Philharmonia Orchestra – Mikhail Pletnev Conducts Beethoven

Symphony No.8 in F, Op.93
Symphony No.9 in D minor, Op.125 (Choral)

Elizabeth Atherton (soprano)
Diana Montague (mezzo-soprano)
Timothy Robinson (tenor)
Matthew Rose (bass)

Philharmonia Chorus
Philharmonia Voices

Philharmonia Orchestra
Mikhail Pletnev

Reviewed by: Richard Whitehouse

Reviewed: 21 February, 2008
Venue: Southbank Centre, London – Royal Festival Hall

Mikhail PletnevThis Philharmonia Orchestra concert found Mikhail Pletnev at the helm (replacing the originally advertised Sir Charles Mackerras) for Beethoven’s last two symphonies. As pianist, Pletnev’s cycle of the piano concertos with this orchestra some years ago, with Christoph von Dohnányi conducting, brought illumination and provocation in equal measure. Conversely, Pletnev’s conducting of Beethoven’s last two symphonies brought very few insights.

Certainly the Eighth Symphony got off to a very average start with a first movement whose exposition repeat evinced little intensification and whose development was marred by portentous phrasing such as undermined its overall momentum. The Allegretto was better, for all that Pletnev eschewed its invitation to deadpan humour, while the ‘Minuet’ that follows had an appealingly Mendelssohnian lilt – with notably secure horn playing in a trio that was undoubtedly the most successful part of the performance. In the finale, however, Pletnev could not resist placing undue emphasis on the C sharps that interpose between restatements of its main theme – reaching an apogee in the laboured reiterations before its minor-key presentation. Alertand disciplined playing alone could not rescue the impetus of this movement, brought to a close with thudding tonic chords, nor save the performance from being barely more than the sum of its parts.

The ‘Choral’ Symphony is, of course, overloaded with preconceptions of which any present-day reading must fight to rid itself. Treating the initial crescendo almost as a slow introduction is not in itself objectionable, but Pletnev is no Furtwängler when it comes to positing and then reconciling extremes. Conversely, the contrapuntal hub of the development was especially fleet – though, as in his famous account of the third movement of Tchaikovsky’s ‘Pathétique’ third movement, the intention seemed to be more about demonstrating his control over ensemble rather than furthering any interpretative ground-plan. Nor did the coda, for all the incidental detail that emerged, end the movement with the necessary implacability. Pletnev’s swift tempo for the scherzo was finely sustained by the orchestra, though the effect was to iron out those textural contrasts and motivic subtleties crucial to its underlying structure, while the trio was made a flitting interlude that evinced little sense of Arcadian delight.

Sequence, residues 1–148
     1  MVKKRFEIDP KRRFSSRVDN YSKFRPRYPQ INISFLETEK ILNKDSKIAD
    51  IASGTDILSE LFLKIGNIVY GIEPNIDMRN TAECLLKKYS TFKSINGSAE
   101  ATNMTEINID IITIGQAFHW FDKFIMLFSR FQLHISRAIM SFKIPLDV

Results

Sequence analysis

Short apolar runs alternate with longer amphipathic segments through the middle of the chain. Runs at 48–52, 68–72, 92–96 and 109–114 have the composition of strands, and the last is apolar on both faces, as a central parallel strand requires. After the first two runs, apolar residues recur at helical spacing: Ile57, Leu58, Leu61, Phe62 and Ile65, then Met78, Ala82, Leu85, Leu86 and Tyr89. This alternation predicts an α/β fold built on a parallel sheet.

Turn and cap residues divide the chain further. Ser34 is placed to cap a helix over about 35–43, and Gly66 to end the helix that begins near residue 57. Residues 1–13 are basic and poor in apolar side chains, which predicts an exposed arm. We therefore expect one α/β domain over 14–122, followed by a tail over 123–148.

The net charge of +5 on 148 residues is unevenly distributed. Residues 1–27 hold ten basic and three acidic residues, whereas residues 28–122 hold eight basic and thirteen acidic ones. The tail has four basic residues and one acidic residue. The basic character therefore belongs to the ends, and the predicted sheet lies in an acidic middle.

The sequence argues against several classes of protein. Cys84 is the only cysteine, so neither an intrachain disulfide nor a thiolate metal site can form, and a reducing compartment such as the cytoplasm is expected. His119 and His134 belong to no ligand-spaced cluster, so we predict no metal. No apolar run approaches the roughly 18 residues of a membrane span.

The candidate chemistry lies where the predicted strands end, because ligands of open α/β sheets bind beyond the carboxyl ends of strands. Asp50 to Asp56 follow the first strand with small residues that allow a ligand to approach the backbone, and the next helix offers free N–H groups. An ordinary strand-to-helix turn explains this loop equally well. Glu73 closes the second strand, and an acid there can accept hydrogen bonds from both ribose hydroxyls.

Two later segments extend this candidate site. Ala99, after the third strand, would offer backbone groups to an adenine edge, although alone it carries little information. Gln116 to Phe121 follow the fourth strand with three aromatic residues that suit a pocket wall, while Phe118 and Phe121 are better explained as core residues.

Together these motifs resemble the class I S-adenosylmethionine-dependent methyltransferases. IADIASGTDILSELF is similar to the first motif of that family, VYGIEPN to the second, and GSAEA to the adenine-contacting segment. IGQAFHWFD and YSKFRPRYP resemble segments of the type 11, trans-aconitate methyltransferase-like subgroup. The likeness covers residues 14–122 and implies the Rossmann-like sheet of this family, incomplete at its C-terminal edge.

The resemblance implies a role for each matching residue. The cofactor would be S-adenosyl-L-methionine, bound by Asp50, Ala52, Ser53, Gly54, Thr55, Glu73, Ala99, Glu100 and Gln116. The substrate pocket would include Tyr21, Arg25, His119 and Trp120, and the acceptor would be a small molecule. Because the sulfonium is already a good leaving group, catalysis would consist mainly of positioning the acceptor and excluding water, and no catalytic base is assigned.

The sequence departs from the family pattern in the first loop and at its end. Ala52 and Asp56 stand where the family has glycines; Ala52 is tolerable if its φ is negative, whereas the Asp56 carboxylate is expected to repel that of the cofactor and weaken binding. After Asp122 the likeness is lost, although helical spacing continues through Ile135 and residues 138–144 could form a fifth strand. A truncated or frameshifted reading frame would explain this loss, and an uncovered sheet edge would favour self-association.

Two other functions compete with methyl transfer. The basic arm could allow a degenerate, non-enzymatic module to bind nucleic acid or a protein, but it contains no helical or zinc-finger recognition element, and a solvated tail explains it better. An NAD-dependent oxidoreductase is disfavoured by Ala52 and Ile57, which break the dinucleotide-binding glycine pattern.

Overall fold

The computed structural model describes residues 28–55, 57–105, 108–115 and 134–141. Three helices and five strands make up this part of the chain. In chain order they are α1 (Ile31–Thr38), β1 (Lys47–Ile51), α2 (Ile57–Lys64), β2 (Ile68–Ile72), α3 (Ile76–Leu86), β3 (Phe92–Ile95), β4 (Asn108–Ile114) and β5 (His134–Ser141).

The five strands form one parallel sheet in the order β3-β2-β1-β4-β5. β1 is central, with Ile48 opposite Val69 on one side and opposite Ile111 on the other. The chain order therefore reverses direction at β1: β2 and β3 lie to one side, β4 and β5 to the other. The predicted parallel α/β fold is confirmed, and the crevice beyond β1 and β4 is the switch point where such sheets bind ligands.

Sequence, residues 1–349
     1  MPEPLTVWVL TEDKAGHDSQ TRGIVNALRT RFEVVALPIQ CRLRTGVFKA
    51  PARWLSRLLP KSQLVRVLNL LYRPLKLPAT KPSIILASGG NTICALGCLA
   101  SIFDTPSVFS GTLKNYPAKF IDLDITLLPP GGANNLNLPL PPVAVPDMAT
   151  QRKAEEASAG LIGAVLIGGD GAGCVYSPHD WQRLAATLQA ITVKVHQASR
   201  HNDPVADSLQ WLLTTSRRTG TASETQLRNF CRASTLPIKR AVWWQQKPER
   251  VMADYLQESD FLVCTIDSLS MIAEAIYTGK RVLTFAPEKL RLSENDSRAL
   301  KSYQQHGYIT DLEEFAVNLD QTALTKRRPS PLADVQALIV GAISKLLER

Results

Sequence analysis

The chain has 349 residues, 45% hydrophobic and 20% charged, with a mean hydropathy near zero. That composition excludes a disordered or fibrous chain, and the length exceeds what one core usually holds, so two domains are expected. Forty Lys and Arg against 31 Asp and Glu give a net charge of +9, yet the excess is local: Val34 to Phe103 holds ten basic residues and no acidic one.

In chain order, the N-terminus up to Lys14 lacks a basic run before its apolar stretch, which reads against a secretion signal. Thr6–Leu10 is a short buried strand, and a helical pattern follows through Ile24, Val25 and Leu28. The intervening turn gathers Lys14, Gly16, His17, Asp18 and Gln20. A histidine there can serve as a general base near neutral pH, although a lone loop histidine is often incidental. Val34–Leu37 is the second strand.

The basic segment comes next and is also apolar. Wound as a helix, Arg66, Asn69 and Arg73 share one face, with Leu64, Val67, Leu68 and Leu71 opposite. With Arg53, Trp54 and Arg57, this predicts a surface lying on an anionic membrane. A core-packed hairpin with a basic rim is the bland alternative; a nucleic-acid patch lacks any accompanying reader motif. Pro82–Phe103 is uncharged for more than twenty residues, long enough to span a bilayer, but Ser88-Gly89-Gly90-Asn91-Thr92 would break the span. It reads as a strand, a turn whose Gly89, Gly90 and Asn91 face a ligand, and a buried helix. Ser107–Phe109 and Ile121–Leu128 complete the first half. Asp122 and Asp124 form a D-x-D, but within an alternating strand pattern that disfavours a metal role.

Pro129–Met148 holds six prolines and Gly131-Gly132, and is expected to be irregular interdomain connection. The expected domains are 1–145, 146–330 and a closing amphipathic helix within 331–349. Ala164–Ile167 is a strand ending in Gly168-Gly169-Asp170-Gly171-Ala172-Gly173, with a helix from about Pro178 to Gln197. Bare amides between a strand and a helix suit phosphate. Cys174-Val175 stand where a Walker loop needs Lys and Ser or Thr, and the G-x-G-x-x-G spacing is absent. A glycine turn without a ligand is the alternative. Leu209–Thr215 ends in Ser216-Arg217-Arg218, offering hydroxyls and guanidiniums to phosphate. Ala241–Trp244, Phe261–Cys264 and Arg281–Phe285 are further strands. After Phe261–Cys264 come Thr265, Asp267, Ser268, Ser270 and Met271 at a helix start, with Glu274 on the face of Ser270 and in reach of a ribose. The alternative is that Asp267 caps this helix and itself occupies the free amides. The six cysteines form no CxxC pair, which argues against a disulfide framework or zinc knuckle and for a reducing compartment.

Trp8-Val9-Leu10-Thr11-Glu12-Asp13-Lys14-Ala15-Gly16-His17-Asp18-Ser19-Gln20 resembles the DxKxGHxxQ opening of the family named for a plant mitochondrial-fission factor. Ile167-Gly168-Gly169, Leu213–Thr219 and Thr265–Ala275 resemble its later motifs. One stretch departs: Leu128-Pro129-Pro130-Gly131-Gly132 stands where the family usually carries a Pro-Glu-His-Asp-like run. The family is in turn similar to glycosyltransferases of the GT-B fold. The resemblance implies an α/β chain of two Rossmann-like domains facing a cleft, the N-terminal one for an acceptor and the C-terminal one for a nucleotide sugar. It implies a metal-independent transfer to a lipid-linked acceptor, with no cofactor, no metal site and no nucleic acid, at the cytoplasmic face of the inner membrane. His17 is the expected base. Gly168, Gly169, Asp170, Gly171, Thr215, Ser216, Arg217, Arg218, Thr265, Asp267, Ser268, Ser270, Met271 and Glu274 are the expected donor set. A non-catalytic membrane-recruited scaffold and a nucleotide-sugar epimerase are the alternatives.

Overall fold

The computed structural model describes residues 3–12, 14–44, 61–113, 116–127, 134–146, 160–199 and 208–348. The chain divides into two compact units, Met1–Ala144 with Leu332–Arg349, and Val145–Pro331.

In terms both of concept and execution, the third movement was the highlight of the performance: Pletnev found a near-ideal accommodation between its alternating themes, with their ‘alchemic’ fusion midway underpinned by a magical cadential passage that all but stole the show from the fanfares that are a more obvious climax. A pity, though, about the ponderous chords that robbed the movement’s close of its sense of anticipation, and a relatively lengthy pause that diluted the finale’s opening of its explosive violence.

Matthew RoseThat finale began well – Pletnev taking the trouble (as few do nowadays) to integrate the recitatives on cellos and double basses with the recollections of earlier movements, in an engaging process of question and answer – but the ‘Ode to Joy’ theme then unfolded with a disconcerting lack of elation. Matthew Rose was commendably secure in the treacherous initial recitative, and if Timothy Robinson rather lost the battle with the orchestra in the Turkish processional, the soloists blended uncommonly well as a quartet – making their final ‘cadenza’ a pleasure to hear.

Nor was the combined Philharmonia Chorus and Voices found wanting, the singers as sensitive to Beethoven’s introspective musings as they were unanimous in their conviction to his affirmative outpourings. Pletnev, while he made no obvious miscalculations in his handling of its complex overall form, seemed content merely to direct the movement through to its close – which lacked the elemental exhilaration that results from its long-term formal unfolding being allied to an expressive goal gradually but surely coming into focus.

Perhaps it was simply that Pletnev had little of consequence to say. If so, he is hardly alone among today’s conductors, but it would be a pity if the Ninth becomes reduced to ‘business as usual’ status.

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